Ethnicity and gender are important preoperative considerations for rhinoplasty but are less relevant in the management of the twisted nose because a straight dorsum is desirable in all cultures.
10.5 Preoperative Analysis and Diagnosis
10.5.1 Normal Anatomy and Diagnosis
An accurate preoperative analysis of the deviated nose goes beyond recognizing the external deformity; it requires a deliberate investigation into the underlying cartilaginous and bony anatomy, and the complexity with which it shapes the nasal dorsum. Each area of the nasal skeleton is responsible for a discrete cutaneous subunit of the nose, such as the nasal bones defining the upper third, the dorsal septum and upper lateral cartilages shaping the middle third, and tip being supported by the lower lateral cartilages and anterior septal angle. Cutaneous deviations, on the other hand, can be the result of more than one anatomical structure. The ideal nose blends into the face without calling attention to asymmetry, imbalance, or disproportion, allowing the casual observer to be drawn to other areas that typically define facial beauty, such as the eyes and lips. The aesthetic dorsum is straight, remains in the midline of the face, and may have a subtle concavity that reflects a narrower middle vault. The “brow-tip line” is a useful landmark that helps define an aesthetic dorsal contour. It begins from the medial brow, curving inferiorly along the dorsal border, gently blending with the tip-defining point. These lines should remain parallel and uninterrupted ( Fig. 10.1 ).
It is often useful to evaluate the nasal dorsum in segments rather than just a gestalt from the frontal view. Dividing the nose into an upper, middle, and lower third can help with delineating discrete aberrancies. The upper third of the nose is formed by the paired nasal bones and the frontal processes of the maxilla. The skin along the caudal border of the nasal bone is characteristically thin and allows small irregularities of bone, cartilage, or scar to be readily evident. Conversely, the skin and soft tissue at the nasion is much thicker and includes subcutaneous fat and the procerus muscle. Changes in the bony skeleton along this area tend to be camouflaged by the thicker overlying soft tissue, which drapes between the higher riding glabella and rhinion. The nasal bones also define the appropriate width and dorsal projection to the upper nose. The bony septum is a minor contributor to the dorsum in normal circumstances, but deviations to the upper third can involve the septum and must be considered. More will be discussed on this later in the chapter.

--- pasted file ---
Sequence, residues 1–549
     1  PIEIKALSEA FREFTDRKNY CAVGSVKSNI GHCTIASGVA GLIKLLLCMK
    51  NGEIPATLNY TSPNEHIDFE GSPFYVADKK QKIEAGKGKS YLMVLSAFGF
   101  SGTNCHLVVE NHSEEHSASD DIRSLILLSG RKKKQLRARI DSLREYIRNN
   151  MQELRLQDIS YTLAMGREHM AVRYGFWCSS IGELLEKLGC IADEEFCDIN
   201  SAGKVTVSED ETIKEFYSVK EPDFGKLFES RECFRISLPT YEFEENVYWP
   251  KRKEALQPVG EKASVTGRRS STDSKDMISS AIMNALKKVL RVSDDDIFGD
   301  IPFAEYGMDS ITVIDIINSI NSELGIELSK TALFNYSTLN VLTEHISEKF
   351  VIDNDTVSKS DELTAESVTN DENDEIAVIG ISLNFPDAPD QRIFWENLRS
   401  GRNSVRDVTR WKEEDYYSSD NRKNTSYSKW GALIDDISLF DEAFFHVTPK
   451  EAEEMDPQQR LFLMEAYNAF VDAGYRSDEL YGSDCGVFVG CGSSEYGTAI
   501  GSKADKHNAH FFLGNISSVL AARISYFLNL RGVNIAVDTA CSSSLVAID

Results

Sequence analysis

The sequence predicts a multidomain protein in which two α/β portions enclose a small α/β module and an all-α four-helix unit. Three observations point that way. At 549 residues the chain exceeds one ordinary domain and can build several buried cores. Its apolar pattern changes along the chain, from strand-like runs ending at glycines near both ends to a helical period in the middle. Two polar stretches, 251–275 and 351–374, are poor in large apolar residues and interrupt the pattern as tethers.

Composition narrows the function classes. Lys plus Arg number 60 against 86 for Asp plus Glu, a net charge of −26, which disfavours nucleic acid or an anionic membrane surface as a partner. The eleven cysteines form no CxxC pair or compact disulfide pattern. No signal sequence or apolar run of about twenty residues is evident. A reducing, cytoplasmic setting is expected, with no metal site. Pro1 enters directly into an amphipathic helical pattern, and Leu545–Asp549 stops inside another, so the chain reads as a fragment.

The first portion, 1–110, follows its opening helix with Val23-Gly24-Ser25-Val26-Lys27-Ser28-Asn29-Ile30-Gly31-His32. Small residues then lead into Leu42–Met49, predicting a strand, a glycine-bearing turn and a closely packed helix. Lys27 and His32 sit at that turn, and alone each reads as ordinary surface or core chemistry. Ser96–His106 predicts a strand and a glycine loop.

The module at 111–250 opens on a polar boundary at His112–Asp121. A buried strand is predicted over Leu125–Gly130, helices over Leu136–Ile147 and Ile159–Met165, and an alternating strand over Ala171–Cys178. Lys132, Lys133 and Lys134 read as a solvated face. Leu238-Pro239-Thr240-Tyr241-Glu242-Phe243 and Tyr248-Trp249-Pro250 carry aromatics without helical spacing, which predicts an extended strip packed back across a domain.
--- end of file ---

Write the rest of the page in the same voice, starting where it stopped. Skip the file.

The middle nasal vault is normally slightly narrower than the upper or lower thirds and creates a gentle concavity to the brow-tip line. The middle third of the nose is shaped primarily by the dorsal septum and upper lateral cartilages. These structures are firmly adherent to one another and any intrinsic deviation to one will directly impact the other. The dorsal border of the normal septum should be straight and has a widened area that functions as physiological spreader grafts, contributing positively to the width of the middle vault as well as opening the internal nasal valves. Surgical reduction of the dorsal septum can create an iatrogenic narrowing of the middle vault with the “hourglass” deformity occasionally seen in revision rhinoplasty. The upper lateral cartilages are also significant contributors to the dorsal width and provide support, symmetry, and fullness to the nasal sidewalls. Displacement of the upper lateral cartilage can create an imbalance to the natural concavity and the illusion of a twisted nose. The intimate relation between the upper lateral cartilage and dorsal septum is an essential consideration of the middle vault anatomy and must be a part of the preoperative analysis for every twisted nose.
The nasal tip should appear elegant, indiscrete, and in the midline. While the tip is not often discussed with the twisted nose, it too can be deviated and contribute to dorsal deviations. The midline position of the tip is dependent on both the lower lateral cartilages and caudal septum, especially the anterior septal angle. Like the middle vault, the culprit for a deviated tip may lie with either anatomical structure (or both) and a preoperative distinction is needed in order to develop a focused surgical repair. The anterior septal angle is often camouflaged by the thick tip skin and lower lateral cartilages, and palpation may be necessary to identify its position. When the caudal septum is deviated, it can bring the lower lateral cartilages with it and cause a passive tip deformity.